procedure TfmAuditLogViewer.UnsubscribeListeners;
var
  E: TManagerEvents;
begin
  E := TMappingExplorer.Default.Events;
  E.OnInserted.Unsubscribe(FInsertedProc);
  E.OnUpdated.Unsubscribe(FUpdatedProc);
end;


And here is how we implemented our event listeners:

procedure TfmAuditLogViewer.InsertedHandler(Args: TInsertedArgs);
begin
  Log(Format('Inserted: %s', [EntityDesc(Args.Entity, Args.Manager)]));
  BreakLine;
end;

procedure TfmAuditLogViewer.UpdatedHandler(Args: TUpdatedArgs);
var
  Pair: TPair<string, Variant>;
  OldValue: Variant;
begin
  Log(Format('Updated: %s', [EntityDesc(Args.Entity, Args.Manager)]));
  for Pair in Args.NewColumnValues do
    if not (Args.OldColumnValues.TryGetValue(Pair.Key, OldValue) and (OldValue = Pair.Value)) then
      Log(Format('   %s Changed from %s to %s',
        [Pair.Key, TUtils.VariantToString(OldValue), TUtils.VariantToString(Pair.Value)]));
  BreakLine;
end;


Some different methods are called from those event handlers, but they are just helper methods. EntityDesc just retrieves a string representation of the entity being logged (class name and id), and Log and BreakLine just add text to the memo component:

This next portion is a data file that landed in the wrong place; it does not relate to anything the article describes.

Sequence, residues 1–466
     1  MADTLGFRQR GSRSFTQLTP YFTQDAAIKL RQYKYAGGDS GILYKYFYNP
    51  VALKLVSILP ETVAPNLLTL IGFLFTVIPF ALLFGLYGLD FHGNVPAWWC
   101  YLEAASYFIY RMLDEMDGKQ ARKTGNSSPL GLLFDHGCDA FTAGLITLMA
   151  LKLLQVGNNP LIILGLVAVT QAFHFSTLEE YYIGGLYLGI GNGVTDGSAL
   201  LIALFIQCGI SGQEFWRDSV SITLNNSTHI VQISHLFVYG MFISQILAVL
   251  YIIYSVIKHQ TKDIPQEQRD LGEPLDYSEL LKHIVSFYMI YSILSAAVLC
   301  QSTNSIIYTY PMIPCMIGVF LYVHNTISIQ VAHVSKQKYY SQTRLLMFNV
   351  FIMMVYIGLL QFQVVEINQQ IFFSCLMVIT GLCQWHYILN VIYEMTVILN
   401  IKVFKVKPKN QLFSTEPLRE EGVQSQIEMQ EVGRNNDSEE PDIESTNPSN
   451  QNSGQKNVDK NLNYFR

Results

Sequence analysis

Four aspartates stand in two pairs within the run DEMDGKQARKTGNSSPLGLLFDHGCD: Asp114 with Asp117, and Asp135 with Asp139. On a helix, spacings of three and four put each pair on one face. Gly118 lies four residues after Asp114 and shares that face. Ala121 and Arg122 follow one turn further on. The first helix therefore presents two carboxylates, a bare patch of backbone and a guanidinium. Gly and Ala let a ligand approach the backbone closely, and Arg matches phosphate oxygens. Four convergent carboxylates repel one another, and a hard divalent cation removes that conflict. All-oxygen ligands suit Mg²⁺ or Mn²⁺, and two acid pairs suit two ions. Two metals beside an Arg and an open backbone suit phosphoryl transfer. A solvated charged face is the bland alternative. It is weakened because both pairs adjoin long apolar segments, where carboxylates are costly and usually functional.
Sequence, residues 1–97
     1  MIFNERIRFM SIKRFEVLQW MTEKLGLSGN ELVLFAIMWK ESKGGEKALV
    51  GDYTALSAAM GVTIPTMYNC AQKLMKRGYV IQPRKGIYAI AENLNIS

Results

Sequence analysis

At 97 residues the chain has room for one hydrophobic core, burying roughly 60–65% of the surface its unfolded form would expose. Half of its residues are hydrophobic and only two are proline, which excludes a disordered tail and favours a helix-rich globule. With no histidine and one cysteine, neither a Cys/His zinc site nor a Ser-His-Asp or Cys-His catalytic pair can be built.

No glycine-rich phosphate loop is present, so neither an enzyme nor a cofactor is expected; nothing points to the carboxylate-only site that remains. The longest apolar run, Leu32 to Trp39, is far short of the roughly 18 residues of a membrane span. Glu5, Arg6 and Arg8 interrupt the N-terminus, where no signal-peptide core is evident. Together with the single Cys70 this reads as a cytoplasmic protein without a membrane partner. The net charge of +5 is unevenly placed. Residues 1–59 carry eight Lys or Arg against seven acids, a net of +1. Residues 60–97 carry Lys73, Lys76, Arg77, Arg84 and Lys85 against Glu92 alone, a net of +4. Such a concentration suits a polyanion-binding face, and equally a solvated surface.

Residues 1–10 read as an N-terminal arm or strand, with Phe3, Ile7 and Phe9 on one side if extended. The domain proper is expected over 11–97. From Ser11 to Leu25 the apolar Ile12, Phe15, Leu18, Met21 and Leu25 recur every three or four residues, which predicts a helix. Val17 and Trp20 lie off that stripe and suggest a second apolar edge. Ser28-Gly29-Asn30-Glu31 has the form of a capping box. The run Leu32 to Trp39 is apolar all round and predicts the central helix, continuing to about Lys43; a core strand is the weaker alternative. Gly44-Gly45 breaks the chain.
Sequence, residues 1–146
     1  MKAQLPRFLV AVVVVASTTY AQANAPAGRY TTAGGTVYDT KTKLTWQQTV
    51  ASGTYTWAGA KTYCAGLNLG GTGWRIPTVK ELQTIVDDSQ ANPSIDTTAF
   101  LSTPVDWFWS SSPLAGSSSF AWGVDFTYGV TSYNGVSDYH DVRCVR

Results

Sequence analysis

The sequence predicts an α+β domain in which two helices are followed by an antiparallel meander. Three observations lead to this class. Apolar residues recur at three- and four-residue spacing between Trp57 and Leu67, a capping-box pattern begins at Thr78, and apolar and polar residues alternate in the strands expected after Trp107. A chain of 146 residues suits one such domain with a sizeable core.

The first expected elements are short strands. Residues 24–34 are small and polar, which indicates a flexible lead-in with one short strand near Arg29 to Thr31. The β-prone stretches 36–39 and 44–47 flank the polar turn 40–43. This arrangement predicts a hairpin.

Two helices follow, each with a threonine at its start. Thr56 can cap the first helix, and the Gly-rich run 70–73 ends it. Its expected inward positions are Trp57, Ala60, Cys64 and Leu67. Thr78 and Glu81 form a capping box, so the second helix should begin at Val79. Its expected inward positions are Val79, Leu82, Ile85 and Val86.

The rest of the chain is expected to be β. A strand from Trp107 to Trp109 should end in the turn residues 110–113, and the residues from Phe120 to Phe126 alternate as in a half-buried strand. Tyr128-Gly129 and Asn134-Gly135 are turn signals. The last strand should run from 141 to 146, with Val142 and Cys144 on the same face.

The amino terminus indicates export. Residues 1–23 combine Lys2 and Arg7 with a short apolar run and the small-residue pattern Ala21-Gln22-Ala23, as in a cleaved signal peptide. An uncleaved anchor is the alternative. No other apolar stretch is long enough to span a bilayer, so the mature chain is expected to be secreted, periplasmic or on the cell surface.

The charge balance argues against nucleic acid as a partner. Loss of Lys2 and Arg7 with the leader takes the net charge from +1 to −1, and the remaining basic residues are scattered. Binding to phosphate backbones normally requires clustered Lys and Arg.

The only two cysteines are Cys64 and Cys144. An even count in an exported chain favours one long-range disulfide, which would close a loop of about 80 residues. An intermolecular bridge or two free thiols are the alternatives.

function TfmAuditLogViewer.EntityDesc(Entity, Manager: TObject): string;
var
  IdValue: Variant;
  IdString: string;
begin
  IdValue :=  TObjectManager(Manager).Explorer.GetIdValue(Entity);
  IdString := TUtils.VariantToString(IdValue);
  Result := Format('%s(%s)', [Entity.ClassName, IdString]);
end;

procedure TfmAuditLogViewer.Log(const S: string);
begin
  Memo.Lines.Add(S);
end;

procedure TfmAuditLogViewer.BreakLine;
begin
  Memo.Lines.Add('================================================');
end;


After playing with Music Library demo for a while, adding and updating entities, we have our audit log results:





Bookmarks: 

Wagner Landgraf




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Friday, April 10, 2015

CORS and preflighted requests with TMS XData

From Wikipedia: Cross-origin resource sharing (CORS) is a mechanism that enables many resources (e.g. fonts, JavaScript, etc.) on a web page to be requested from another domain outside the domain from which the resource originated. In other words, if you are trying to access entities in a TMS XData server from a web page (for example, using AJAX requests), this mechanism (CORS) will eventually get in action.

Enabling CORS in TMS XData is very simple. Actually a single line of code:

    XDataServerModule.AccessControlAllowOrigin := '*';

And it will handle most of what’s needed, including preflighted requests. This post could end here if you are looking about how to deal with CORS in TMS XData. But let me use the opportunity to explain and illustrate how CORS works.